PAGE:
December 8, 2016–The National Public Safety Telecommunications Council (NPSTC) says is supports a petition for waiver filed by the International Municipal Signal Association (IMSA) of the 6.25 kilohertz or equivalent efficiency equipment capability mandate for the VHF and UHF bands.
“The IMSA filing raises some valid concerns faced by volunteers in the public safety community,” NPSTC said in an ex parte filing yesterday in WT docket 99-87. “Under section 90.203(j)(4)-(5) of the rules, the Commission no longer accepts applications for certification of Part 90 radios in the 150-174 MHz and 450-512 MHz bands that cannot operate in a 6.25 kHz or equivalent efficiency mode. There is no corresponding rule requiring licensees actually to operate with an efficiency of 6.25 kHz per channel or equivalent. The rule applies only to equipment capability.
“However, as noted in the IMSA request for waiver, this 6.25 kHz efficiency requirement essentially prevents manufacturers from offering new radio models that are relatively inexpensive analog FM-only devices,” NPSTC added. “Meeting the 6.25 kHz or equivalent efficiency capability requirement essentially requires that the radios be digital. NPSTC certainly does not oppose the provision of digital radios for those segments of the public safety market that need the benefits such radios offer. In fact, NPSTC applauds those manufacturers that have invested in the development of interoperable digital radios for the public safety market. However, NPSTC believes IMSA raises a valid point that there are some segments of the public safety market for which a relatively low cost VHF or UHF analog FM radio would meet their communications requirements.”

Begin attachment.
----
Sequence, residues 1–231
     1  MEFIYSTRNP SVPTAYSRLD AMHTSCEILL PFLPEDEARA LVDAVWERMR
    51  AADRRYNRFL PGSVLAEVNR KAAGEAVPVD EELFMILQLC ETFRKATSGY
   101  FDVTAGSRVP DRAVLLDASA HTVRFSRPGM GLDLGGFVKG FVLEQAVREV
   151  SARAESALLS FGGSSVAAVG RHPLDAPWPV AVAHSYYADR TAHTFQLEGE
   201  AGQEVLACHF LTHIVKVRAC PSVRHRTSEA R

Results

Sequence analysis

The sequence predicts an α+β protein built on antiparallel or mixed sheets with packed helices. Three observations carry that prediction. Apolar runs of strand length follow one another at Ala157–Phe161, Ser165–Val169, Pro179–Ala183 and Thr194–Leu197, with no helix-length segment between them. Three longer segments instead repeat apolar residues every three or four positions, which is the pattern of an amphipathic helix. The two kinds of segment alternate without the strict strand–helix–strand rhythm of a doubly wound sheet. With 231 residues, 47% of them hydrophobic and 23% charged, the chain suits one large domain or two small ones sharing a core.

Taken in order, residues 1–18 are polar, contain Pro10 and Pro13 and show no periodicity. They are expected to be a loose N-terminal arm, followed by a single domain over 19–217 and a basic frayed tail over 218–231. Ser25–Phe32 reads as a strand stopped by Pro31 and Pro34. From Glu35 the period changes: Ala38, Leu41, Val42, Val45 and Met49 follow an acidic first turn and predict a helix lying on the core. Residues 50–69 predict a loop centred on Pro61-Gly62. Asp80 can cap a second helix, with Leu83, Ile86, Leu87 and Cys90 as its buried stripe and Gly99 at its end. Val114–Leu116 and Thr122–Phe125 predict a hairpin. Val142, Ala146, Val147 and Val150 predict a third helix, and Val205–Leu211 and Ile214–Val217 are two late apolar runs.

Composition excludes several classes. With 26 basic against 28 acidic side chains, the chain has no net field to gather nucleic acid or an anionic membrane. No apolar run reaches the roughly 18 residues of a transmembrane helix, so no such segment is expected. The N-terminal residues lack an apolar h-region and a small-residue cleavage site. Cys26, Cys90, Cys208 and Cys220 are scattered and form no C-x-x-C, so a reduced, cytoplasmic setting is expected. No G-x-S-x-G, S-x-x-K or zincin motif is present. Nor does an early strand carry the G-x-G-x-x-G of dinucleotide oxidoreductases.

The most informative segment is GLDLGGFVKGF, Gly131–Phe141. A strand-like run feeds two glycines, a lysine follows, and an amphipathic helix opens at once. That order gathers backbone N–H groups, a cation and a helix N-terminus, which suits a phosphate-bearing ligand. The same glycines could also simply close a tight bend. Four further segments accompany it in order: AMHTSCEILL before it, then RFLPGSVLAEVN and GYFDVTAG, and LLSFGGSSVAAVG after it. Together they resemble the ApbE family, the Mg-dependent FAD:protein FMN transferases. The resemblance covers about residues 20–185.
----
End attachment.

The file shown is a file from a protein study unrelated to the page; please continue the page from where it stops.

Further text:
“As noted in the IMSA request for waiver, earlier this year the Commission decided that the required mode of operation on FCC designated VHF and UHF interoperability channels is analog FM. Given that decision, waiving the 6.25 kHz efficiency equipment requirement would have no negative impact on interoperability,” NPSTC said. “A waiver of the rules as IMSA requests, however, could benefit the segment of the public safety market that is very price sensitive and needs only basic communications which analog FM equipment can provide.” – Paul Kirby, firstname.lastname@example.org